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Browsing: Papers of John Adams, Volume 2


Docno: ADMS-06-02-02-0022

Author: Warren, James
Author: Warren, Mercy Otis
Recipient: Adams, John
Date: 1774-07-14

From James and Mercy Otis Warren

[salute] Dear Sir

Yours of the 25th. of last month never reached me, till yesterday. It would have given me great pleasure to have seen you when I returned from Salem, and I was really greatly disappointed to find you and Family gone, and more especially as I was Apprehensive I should have no Other Opportunity of seeing you, till the Time called for your Attendance at the Grand Council of America, An Assembly in my Opinion of as great Dignity, and Importance as any either Ancient, or modern that ever mett. However as I am deprived of the pleasure of seeing you, I shall sincerely wish and Pray that your satisfaction and pleasure on this Journey may fully Equal the Honour of being a Member of so August A Body, which is in Effect wishing that you may Conduct Matters in a way the most Honourable to yourselves, { 107 } and Advantageous to the publick. Great are our Expectations, and great will be the Expectations in Europe, and therefore great and difficult is the Task Assigned you. With these Sentiments my Friendship to you had no Interest in your Appointment further than to promote your Honour. My Friendship to my Country Engaged me to it and when I knew it was at the Expence of your Ease, and so well satisfied am I with the Major Part of our Committee, and such Expectations have I from the Zeal and firmness of the Other Colonies in this measure, that I have not given myself the Trouble to think much about the measures they will Take. I presume the greater part of you will be Masters, learned in politicks and the True Interest of your Country, not Scholars yet to learn them. Prophets replete with the True spirit of Prophecy, and Statesmen both Wise and Upright.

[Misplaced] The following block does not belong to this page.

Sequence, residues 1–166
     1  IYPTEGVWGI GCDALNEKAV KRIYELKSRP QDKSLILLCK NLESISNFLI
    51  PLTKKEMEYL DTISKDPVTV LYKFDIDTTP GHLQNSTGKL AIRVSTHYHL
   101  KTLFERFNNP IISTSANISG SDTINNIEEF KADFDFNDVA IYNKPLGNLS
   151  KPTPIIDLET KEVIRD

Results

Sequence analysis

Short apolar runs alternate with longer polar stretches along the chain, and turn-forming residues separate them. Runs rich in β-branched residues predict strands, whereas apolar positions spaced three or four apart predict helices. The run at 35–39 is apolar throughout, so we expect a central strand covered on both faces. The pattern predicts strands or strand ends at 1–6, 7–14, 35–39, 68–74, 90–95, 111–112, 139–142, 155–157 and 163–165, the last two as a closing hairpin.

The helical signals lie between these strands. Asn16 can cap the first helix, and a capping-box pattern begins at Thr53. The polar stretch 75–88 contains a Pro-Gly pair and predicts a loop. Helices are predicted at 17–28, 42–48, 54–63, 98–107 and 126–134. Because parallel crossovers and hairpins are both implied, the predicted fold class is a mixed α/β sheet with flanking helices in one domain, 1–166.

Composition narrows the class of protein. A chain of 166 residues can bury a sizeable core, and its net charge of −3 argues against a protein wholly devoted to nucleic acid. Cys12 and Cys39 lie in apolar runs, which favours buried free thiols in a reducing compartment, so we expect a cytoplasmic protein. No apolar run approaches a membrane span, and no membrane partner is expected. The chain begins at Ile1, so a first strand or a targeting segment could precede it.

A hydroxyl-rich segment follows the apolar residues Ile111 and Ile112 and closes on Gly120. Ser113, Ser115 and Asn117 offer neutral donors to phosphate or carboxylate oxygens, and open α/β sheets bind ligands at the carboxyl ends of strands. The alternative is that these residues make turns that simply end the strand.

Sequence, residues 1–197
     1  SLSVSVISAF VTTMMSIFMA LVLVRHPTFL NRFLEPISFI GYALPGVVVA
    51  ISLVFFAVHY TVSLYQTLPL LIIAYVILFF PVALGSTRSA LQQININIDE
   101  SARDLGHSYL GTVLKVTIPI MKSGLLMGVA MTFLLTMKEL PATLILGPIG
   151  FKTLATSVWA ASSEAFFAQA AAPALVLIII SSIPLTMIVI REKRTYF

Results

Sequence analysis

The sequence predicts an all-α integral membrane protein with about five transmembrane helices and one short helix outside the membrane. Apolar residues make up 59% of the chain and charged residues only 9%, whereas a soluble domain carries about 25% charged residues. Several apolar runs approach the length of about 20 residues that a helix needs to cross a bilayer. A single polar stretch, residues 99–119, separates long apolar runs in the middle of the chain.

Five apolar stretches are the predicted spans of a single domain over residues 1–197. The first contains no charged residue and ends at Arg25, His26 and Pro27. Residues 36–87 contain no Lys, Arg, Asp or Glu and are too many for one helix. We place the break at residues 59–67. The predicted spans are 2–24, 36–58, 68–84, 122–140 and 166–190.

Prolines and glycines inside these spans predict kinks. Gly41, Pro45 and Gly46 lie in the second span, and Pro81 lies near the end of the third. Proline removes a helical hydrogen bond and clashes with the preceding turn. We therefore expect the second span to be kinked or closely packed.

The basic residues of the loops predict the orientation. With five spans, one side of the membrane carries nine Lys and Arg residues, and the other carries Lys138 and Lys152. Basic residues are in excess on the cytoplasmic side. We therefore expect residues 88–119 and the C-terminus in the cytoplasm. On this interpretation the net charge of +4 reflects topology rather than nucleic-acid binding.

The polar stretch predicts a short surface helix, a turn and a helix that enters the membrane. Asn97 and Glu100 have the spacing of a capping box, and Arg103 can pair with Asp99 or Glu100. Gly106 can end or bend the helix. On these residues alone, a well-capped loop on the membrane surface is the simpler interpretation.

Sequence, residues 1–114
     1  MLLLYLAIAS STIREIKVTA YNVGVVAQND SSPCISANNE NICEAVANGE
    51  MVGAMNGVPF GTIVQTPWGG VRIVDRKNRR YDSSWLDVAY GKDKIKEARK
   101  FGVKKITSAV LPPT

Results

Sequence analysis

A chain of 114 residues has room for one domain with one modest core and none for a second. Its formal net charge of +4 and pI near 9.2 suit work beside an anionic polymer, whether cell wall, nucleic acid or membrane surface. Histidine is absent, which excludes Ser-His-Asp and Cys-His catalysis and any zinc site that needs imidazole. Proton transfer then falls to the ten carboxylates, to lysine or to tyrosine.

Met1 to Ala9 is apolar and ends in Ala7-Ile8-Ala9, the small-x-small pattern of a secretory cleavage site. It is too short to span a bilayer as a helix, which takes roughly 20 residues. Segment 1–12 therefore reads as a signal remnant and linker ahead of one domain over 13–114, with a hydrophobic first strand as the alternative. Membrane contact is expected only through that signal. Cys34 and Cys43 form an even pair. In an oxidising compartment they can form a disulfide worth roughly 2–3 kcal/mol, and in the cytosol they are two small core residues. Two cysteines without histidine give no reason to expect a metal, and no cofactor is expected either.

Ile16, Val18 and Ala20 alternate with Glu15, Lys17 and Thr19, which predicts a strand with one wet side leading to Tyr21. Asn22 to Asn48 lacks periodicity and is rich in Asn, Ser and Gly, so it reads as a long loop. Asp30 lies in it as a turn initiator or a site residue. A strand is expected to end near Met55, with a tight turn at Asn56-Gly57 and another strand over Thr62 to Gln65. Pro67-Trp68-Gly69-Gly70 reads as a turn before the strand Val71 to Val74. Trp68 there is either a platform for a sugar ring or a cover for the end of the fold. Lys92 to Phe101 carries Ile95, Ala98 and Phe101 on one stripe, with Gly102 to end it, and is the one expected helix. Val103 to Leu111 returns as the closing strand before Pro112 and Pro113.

From you therefore we shall look for Streams that shall gladden all the Cities and Towns in No. America and Confound the Barbarous Politicks of Britain, with these Sentiments of your Body, it certainly would be presumtion in me to advise to measures or Conduct. However to A Friend I will venture to say I Apprehend much greater danger from the Timidity and narrow Plans of some of your Body, than I do from the Spirit and Enlarged veiws of the rest of you. My Opinion is that the Confidence of the People in the Congress is such that they will support whatever Plan you Adopt, however Spirited, and be in danger of resting satisfied with the Terms you may be Contented with however Inadequate to their rights, and Interests, and besides Administration be from the first more Encouraged to go on with their System than provoked by the last. That we have Nothing to Expect from their Justice, but Every thing to hope from their fears is A Maxim as true and perhaps as wise as any of Solomon! Therefore if I was Enquired of what I thought should be done with the Claim of Exemption from Parliamentary Legislation, as well as Taxation and some Other Grand Questions that have been Agitated here, I should Answer that it was proper, practicable, Expedient Wise, Just, Good, and necessary, that they should be held up in their full Extent in the Congress at Philadelphia, and that means should be devised to support them!